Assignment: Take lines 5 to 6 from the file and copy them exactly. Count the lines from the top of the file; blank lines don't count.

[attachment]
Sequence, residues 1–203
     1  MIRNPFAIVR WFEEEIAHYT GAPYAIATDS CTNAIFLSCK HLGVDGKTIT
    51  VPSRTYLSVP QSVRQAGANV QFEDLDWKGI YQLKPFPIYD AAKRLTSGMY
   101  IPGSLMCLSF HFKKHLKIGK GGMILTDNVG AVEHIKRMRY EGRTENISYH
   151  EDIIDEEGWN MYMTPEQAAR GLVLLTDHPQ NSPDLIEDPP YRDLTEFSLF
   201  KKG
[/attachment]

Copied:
   151  EDIIDEEGWN MYMTPEQAAR GLVLLTDHPQ NSPDLIEDPP YRDLTEFSLF
   201  KKG